One night in early 2004, my friends and I staggered away from a filling dinner at Blais — the short-lived Richard Blais restaurant that was in the heart of Buckhead when Buckhead had a heart. As we digested our frankincense-scented parsnip cake, we ventured down an alleyway lined with cheesy bars and clubs and found ourselves in front of the rowdy nightspot Mako’s. There we saw a woman in hot pants on a swing in a window doing that thing women in hot pants on swings in windows used to do in Buckhead: swinging.
Back in 2004 Buckhead didn’t just have any old heart: it had a proper four-chambered one. There was one chamber for the trashy drunkenness of Mako’s and its ilk; one chamber for the big-city glamour of Joël and the Dining Room at the Ritz-Carlton; one chamber for staid spots like Pano’s & Paul’s and Anis that appealed to the wealthy mansion-dwelling neighbors, and that last chamber for the true culinary innovation of Blais, Soto and Seeger’s.
Of these, only Anis remains. But others have vanished, along with the tacit knowledge that Buckhead was the one Atlanta neighborhood that mattered above all others when it came to nightlife, entertainment and the most delicious meals the city had to offer. These days the most anticipated new restaurants likely open in west Midtown, if not Inman Park, Decatur or Roswell.
Those of us who actually anticipate the opening of restaurants no longer drop “Buckhead” as an adjective to indicate a level of ambition, glitz or moneyed extravagance, as we once did. In late 2012, we have a better notion of what constitutes Gangnam Style than Buckhead Style.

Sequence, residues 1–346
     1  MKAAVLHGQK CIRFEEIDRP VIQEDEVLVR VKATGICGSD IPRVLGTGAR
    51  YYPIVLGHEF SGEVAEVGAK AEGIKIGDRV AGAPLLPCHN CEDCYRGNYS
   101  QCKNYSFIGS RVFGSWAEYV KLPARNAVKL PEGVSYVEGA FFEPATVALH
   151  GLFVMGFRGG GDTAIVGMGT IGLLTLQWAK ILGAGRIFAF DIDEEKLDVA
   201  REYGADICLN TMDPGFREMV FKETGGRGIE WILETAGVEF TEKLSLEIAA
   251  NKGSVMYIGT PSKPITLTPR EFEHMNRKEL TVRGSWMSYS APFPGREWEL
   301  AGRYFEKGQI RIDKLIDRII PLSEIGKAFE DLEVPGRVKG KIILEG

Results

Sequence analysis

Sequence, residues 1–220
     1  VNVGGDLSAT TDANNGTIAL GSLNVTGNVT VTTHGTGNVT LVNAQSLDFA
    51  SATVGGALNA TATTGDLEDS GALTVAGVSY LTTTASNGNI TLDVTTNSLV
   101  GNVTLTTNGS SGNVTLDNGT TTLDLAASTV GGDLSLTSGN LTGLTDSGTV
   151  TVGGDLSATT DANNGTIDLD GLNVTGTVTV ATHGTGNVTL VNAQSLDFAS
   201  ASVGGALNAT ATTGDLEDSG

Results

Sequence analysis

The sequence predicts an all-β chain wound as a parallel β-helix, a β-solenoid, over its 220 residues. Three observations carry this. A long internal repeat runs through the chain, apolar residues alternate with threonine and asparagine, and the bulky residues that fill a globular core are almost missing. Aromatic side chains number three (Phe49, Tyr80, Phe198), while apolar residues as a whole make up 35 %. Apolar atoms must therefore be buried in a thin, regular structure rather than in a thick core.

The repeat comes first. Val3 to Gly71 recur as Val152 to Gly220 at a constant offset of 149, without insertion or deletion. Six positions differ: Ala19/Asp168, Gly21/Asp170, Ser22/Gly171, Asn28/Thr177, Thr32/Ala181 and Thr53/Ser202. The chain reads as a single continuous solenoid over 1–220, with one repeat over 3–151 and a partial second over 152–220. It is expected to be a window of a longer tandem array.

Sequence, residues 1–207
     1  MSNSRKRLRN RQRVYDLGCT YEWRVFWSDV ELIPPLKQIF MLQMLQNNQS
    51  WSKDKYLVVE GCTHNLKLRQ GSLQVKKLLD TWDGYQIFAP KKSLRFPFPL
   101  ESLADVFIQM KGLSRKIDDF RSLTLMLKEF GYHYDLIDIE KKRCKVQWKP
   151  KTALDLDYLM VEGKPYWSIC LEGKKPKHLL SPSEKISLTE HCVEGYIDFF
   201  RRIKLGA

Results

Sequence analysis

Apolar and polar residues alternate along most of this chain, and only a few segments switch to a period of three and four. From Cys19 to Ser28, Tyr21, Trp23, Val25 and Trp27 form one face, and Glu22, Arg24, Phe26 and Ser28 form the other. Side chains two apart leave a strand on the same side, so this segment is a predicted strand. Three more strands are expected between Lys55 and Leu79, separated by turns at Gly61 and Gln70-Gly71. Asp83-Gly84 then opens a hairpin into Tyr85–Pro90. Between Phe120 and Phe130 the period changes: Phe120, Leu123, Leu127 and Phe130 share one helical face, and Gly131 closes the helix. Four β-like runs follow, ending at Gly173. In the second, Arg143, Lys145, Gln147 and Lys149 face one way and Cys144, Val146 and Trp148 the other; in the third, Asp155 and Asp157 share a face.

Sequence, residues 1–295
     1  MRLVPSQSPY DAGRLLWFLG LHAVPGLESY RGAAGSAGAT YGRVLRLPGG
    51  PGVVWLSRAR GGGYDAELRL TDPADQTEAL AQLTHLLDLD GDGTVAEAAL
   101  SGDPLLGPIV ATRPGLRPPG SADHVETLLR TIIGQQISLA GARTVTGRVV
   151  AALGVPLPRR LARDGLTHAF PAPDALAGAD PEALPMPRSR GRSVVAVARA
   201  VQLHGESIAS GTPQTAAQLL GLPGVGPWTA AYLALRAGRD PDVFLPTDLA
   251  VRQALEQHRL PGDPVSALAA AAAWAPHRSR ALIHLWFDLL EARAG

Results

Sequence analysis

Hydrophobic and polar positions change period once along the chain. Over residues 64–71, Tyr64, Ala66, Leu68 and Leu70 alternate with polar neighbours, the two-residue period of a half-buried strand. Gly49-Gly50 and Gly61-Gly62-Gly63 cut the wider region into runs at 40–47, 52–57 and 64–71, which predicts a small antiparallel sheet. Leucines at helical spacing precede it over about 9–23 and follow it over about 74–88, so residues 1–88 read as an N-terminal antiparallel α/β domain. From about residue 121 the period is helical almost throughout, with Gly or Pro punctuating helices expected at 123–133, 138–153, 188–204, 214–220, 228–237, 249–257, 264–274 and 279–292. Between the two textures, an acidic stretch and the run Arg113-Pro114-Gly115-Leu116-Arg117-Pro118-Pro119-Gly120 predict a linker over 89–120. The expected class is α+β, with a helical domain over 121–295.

San Diego-based developer OliverMcMillan now promises the long-stalled and scaled-back project to rebuild the neighborhood’s core will be complete within a year’s time, and eight to 10 new restaurants should figure in the mixed-use development. But for now, the streets of Buckhead lie dormant like an empty-chested patient on a gurney, waiting for his heart transplant.
Yet there have been some promising new places opening around the periphery as restaurateurs strive to give Buckhead proper the currency and energy of developing neighborhoods. Consider the fact that before the opening of STG Trattoria last spring, there wasn’t really anywhere in central Buckhead to enjoy small plates fashioned from seasonal, locally sourced ingredients in a casual environment.
Earlier this month, a restaurant called Seven Lamps opened in Shops Around Buckhead and has been getting a lot of attention from food hounds. Chef/owner Drew Van Leuvan oversees this warm, amber-hued spot from an open kitchen. During a time when other new menus around Atlanta seem formulaic or conservative, he cooks with real brio. Chocolate corzetti pasta with duck confit, savory potato zeppoli doughnuts and house-made mortadella mousse are but a few of the intriguing dishes he proposes.
It’s been a few years since the city’s most buzzed-about restaurant has been in Buckhead. But the neighborhood that started the Atlanta restaurant boom still has a pulse.
Here are three other new Buckhead restaurants to consider:
If you’re still mourning the passing of Craft Atlanta, you might want to make sure you’ve completed the stages of grief before you walk into the restaurant that took over its space. What was elegant and spare, with stacks of firewood setting the naturalistic tone, is now as sparkly and glitzed up as a dress in the window at Tootsie’s. A glowing red light fixture running along the staircase of this two-story restaurant cast a brassy light. One bar wasn’t enough, so now there’s a second one on the top floor, and both overflow at all hours.